Condemnation Of Terrorist Attacks

  • The following message has been sent to the headquarter of the EPP-DP in Europolis from the Christian Democratic Party of Aleutia in Unalaska:

    _"On the wake of the brutal and inhumane attacks that swept through many nations around Europe, including those riots in the United Kingdom States that have killed 24 Aleutian citizens, I think it is necessary that the European People's Party-European Democrats to take a clear, firm stand against terrorism.

    These are not only attacks on some nations and their citizens but attacks on freedom, democracy and humanity as a whole. I request the party to make an official condemnation of the terrorist attacks._

    Joseph McLaurin.
    Chairman of the Christian Democratic Party of Aleutia, member of the EPP-DP.

  • Here here. We would support such a statement. We must fight terrorism, and at not time negotiate with terrorists.

  • We are still waiting for other members of the party to express their stance on this issue. Should the party not shows its sympathy to the victims of the attacks and raise its voice against terrorism? Shouldn't this be the time for the members of the EPP-ED to shows their solidarity in such harsh time like this?

  • The Senate of Jerusalem has already condemed the terrorist attack and offered it's symphaties with the victims. All of the Holy Roman Empire supports any attempts to strike back on world terrorism. But there are different opinions of how this could best be done in the Senate. However, on behalf of my governemnt I'm ready to sign any collective condemnation of the terrorist attack within the EPP-ED.

  • I condemn the terrorist attacks that have occurred across the region. The people of Derbyshire mourn with those attacked. This is, if I may be so bold, the point where our real-to-life governments jumped off the deep end. The natural re-action is to attack anything that durst move. Let me be clear. This is not the correct response, and any such response shall not be supported on my part. Any retaliation must be carried out with clear and full knowledge of the extent of the problem, situation and with complete comprehension of the task and dangers at hand. My right honourable friend and colleague in the Commission brings up an important point. If, for instance, terrorists have hijacked a passenger aeroplane and are holding the passengers for ransom, what would you do, being leader of your nation? Would you stick by the 'do-not-negotiate-with-terrorists' line and condemn the hostages to death, or would you try to save your citizenry? I don't know about you, but I would sure hate to tell somebody's parents that their child is dead simply because you take the position that terrorists are not to be negotiated with. There are many (and sometimes good) examples of negotiation with terrorists. Where have talks with the IRA gone wrong? Was the PLO that horrid? I would submit to my honourable and right honourable friends present that a not too unreasonable solution to our present troubles would be negotiation with Hamas, Syria, Iran et al. The holier-than-thou road has not worked in the past, and I have seen nothing to suggest that it stands any better chance in present circumstances. Drastic times call for reasonable measures.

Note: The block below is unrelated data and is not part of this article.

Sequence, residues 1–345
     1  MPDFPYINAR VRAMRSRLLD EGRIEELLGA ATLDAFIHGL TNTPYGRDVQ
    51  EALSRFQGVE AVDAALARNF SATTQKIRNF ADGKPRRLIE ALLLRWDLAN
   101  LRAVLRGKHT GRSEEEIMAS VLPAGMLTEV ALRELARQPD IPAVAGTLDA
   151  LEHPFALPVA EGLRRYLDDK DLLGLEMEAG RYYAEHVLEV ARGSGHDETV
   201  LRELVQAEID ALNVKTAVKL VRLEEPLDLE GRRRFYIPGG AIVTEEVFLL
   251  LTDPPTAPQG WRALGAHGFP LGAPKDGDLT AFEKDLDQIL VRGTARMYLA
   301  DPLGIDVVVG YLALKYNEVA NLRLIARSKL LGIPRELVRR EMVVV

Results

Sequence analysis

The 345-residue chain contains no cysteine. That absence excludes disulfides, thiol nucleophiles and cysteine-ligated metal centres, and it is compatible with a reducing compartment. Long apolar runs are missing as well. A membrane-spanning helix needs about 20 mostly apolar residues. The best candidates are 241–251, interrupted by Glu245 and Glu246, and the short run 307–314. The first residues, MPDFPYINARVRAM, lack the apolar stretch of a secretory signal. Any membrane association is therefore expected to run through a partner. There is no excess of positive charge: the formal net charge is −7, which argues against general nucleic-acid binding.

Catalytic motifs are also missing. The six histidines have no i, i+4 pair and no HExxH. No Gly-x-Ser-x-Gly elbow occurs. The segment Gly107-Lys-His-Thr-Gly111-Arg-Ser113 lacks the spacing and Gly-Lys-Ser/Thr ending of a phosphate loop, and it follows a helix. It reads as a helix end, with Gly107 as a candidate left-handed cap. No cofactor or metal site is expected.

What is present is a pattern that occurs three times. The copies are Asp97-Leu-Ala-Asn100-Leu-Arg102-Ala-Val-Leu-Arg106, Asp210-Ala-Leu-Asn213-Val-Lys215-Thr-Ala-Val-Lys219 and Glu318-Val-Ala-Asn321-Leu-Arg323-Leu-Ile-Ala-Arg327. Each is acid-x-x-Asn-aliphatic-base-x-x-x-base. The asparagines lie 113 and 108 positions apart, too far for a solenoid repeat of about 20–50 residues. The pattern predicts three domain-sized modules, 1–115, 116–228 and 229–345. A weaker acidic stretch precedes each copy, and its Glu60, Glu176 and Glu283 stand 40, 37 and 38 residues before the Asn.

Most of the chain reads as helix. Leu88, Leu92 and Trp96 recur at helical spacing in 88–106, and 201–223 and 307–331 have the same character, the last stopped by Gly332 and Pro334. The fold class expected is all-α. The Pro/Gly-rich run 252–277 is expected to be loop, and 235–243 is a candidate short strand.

• This matter concernd only condeming the actions carried out against innocent civilians and nothing more.

    However I agree that attacks without solid ground are not the proper way of dealing with the situation.


    Every government are free to develope their own way of handle terrorism. To close the door to negotiations would be foolish for any government who intends to handle the terrorist threat seriously. But then again, I wouldn't like to be the one who told a mother, a father, a son, daughter, friend or relative that they are dead because of the governments unwillingness to negotiate with terrorists. But it is never "simpel".

    Since I would probably hate to tell a different mother, father, son, daughter, friend or relative that they had died with money/weapons/intelligence etc. that the government had given them.

    What's reasonable? Save 200 passengers on an airplane to sentence 5000 other equally innocent, to die with money made from the terrorists from the hijack? You can never tell what to come.

  • The difference is, and this is the legal point, the 500 are already hijacked. The 2.000 have yet to be hijacked, ergo it may or may not come to pass. Governments cannot broker deals based on incoherent assumptions of the future; a terrorist may always be stopped. 21 July is a decent example.

  • Indeed we are only proposing a public condemnation of terrorism, we are not asking for any hasty and unjustified action in the name of anti-terrorism.

  • And a public condemnation is what I have given.

  • Agreed that condemnations are right in this case.

    Agreed that things that may come to pass are not always certaint and can be prevented.

    Yet, it is unlikely for a terrorist organisation to spend their ransoms on nothing else but further terrorism. That was my only and simple point.

    How we deal with it is another, but it should be keept in mind, thus making such situations more complex to handle.

  • The Republic of Asonon has made a firm clear stance of the condemnation of terrorist attacks. We are disgusted by terrorists, and we fight to the last man to do all we can to stop the furtherment of terrorism.

    Yours Sincerly,
    President Sarah Cooper.

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